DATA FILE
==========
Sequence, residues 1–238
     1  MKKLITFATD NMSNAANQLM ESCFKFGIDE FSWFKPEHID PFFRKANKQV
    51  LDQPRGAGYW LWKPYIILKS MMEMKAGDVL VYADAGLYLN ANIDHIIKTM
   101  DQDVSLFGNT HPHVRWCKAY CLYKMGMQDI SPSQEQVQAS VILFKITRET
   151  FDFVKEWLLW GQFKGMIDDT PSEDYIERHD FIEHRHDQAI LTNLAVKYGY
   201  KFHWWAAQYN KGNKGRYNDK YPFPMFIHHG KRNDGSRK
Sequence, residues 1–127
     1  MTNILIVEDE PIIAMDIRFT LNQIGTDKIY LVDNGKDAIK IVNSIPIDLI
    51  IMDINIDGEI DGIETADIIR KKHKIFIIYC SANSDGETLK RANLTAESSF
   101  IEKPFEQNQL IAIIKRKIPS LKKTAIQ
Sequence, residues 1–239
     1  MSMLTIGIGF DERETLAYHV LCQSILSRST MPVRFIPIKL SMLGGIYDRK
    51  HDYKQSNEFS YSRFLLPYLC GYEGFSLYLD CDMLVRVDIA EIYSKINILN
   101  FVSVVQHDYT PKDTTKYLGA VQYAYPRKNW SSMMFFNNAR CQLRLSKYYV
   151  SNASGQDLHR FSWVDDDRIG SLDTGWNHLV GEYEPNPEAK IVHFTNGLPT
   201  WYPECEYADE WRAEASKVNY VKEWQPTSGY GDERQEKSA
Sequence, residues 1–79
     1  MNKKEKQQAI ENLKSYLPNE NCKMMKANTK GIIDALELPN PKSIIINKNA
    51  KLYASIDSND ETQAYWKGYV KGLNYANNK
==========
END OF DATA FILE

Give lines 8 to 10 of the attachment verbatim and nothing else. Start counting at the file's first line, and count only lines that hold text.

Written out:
     1  MTNILIVEDE PIIAMDIRFT LNQIGTDKIY LVDNGKDAIK IVNSIPIDLI
    51  IMDINIDGEI DGIETADIIR KKHKIFIIYC SANSDGETLK RANLTAESSF
   101  IEKPFEQNQL IAIIKRKIPS LKKTAIQ